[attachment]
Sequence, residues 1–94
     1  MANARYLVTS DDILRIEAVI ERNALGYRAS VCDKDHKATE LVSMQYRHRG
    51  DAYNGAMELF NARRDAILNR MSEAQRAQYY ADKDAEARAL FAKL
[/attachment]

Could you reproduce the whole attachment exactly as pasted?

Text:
Sequence, residues 1–94
     1  MANARYLVTS DDILRIEAVI ERNALGYRAS VCDKDHKATE LVSMQYRHRG
    51  DAYNGAMELF NARRDAILNR MSEAQRAQYY ADKDAEARAL FAKL